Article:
Who has walked England’s highest peak Scafell
Pike? As one of the most hiked mountains in the UK, the chances are that many
thousands of you have made it to the 978m summit. But, like many popular trails
in the UK, Scafell suffers from the high footfall. Eroded trails and trampled
vegetation are just a couple of the issues.
Supported by the British Mountaineering Council’s Access & Conservation Trust,
a Fix the Fells path project was recently working on Scafell Pike. The aim of
the £4,200 ACT-funded project was to carry out much-needed path and cairn maintenance.
A ranger team from West Lakes National Trust,
accompanied by a group of hard-working volunteers, worked over three days and
nights to remove a number of misleading cairns and landscape the path edge.
This will help to keep walkers on the right path to the summit and protect the
surrounding fragile landscape.
Tanya Oliver, Fix the Fells programme manager,
said: “We were delighted to receive this money from the BMC's Access &
Conservation Trust and to work with them on this project. Undertaking this type
of remedial work reduces erosion to ensure future generations can continue to
enjoy climbing England's highest mountain.”
Who are the BMC and ACT?
is the national representative body for
climbers, hill walkers and mountaineers in England and Wales. Established by
the BMC, the Access &
Conservation Trust (ACT) is a charitable trust that works to promote
sustainable access to cliffs, mountains and open countryside through education
and conservation projects.
Other BMC backed projects
The Three Peaks Project: In
2010, the ACT teamed up with the Yorkshire Dales National Park Authority to
support to help to maintain the important and popular footpath on the steep
slopes of Ingleborough. Repairs took
place to the steep stone steps at High Lot on the path up to the summit from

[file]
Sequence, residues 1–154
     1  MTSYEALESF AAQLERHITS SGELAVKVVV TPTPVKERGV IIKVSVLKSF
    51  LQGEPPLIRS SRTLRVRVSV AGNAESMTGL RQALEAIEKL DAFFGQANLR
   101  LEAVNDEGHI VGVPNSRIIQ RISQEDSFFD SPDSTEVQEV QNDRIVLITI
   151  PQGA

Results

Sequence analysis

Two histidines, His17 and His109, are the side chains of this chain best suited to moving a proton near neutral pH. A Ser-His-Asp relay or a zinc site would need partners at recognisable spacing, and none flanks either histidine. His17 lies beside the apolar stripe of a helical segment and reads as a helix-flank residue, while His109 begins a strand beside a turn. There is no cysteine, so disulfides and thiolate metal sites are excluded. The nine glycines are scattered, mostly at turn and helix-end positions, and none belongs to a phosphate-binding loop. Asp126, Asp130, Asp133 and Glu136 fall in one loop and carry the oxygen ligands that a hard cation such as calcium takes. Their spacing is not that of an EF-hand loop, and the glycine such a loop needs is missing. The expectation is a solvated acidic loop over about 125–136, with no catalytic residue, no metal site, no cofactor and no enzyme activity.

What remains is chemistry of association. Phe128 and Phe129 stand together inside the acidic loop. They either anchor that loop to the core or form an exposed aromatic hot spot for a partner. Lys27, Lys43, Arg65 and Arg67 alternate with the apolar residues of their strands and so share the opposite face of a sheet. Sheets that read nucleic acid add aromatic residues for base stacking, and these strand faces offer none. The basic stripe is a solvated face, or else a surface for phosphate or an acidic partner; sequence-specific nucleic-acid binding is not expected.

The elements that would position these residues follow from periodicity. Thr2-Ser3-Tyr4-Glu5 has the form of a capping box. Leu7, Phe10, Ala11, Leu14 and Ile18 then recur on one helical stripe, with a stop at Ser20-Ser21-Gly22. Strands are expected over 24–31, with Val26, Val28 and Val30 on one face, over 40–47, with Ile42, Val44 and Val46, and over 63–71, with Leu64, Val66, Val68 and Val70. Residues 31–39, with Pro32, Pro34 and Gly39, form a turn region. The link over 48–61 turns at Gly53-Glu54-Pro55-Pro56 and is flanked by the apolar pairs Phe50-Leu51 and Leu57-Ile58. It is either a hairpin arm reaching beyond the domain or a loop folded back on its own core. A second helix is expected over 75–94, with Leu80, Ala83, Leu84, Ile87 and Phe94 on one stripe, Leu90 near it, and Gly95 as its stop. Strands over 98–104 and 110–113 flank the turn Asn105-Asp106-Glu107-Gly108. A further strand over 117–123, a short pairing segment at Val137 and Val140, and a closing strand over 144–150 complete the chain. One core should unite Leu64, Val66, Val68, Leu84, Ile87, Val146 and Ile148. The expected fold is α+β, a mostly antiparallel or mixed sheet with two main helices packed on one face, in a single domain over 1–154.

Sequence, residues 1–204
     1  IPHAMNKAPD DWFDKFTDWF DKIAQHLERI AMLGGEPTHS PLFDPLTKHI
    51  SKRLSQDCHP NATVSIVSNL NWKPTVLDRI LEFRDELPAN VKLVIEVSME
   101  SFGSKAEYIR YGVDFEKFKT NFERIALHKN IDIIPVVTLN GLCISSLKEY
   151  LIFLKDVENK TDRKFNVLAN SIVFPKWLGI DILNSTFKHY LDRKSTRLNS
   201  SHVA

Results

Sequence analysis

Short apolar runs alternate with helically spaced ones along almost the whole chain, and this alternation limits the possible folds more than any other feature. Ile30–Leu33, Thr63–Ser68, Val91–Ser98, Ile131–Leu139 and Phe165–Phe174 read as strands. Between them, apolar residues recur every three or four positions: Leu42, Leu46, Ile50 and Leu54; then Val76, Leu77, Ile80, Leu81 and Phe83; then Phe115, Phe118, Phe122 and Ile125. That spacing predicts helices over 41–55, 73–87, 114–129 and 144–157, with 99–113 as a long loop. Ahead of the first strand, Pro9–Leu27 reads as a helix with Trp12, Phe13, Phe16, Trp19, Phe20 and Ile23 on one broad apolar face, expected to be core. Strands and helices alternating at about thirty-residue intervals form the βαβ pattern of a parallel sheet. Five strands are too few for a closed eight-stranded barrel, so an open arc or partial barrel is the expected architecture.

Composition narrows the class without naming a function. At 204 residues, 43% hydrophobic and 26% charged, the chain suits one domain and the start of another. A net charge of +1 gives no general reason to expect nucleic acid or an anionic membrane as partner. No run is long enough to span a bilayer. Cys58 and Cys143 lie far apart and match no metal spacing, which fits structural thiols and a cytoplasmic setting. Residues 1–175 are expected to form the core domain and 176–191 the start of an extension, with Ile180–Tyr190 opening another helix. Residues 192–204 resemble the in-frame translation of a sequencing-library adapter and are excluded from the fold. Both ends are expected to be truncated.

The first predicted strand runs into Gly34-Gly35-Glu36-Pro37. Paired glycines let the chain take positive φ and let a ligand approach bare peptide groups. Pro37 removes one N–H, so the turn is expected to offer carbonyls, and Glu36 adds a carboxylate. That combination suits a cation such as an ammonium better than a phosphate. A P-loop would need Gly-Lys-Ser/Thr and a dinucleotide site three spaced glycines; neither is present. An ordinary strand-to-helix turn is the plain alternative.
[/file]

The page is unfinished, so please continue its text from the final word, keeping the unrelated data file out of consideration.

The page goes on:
Chapel le Dale. The area is visited by about 250,000 people each year and heavy
use combined with the steepness had resulted in steps slumping over and the
path becoming difficult to use.
Chee Dale boardwalk:The
boardwalk constructed at Chee Dale Nature Reserve near Buxton in the Wye Valley
is proving useful for walkers and climbers alike. During 2011-12, ACT
awarded £860 to help fund materials for the Derbyshire Wildlife Trust project
to improve access and protect vegetation.
Black Mountain path erosion
restoration: In 2011, ACT put £3,000 towards a big project by the Brecon Beacons
National Park Authority to control erosion on the path at Bwlch Blaen Twrch on
the Black Mountain. This is a popular path that forms part of the Beacons Way.
Restoring Roaches routeways: Some of
the main paths at the Roaches in Staffordshire are next in line to benefit from
ACT funding. ACT has awarded £5,000 for the proposed restoration work by
Staffordshire Wildlife Trust who took on the Roaches Estate earlier this year.
Badly needed footpath repair work is set to be carried out around the popular
BMC on Foot: This is an awareness campaign by BMC and part of the Britain on Foot campaign led by the Outdoor Industries Association
to encourage more people in Britain to access the health benefits of being
active outdoors. See www.britainonfoot.co.uk orwww.facebook.com/britainonfoot or follow
@BritainonFoot on Twitter.
How to get involved with the ACT
The BMC Access & Conservation Trust (ACT) is a
charitable trust and relies on generous donations to carry out its work.
Tell us about any conservation volunteering work you have done in the great outdoors.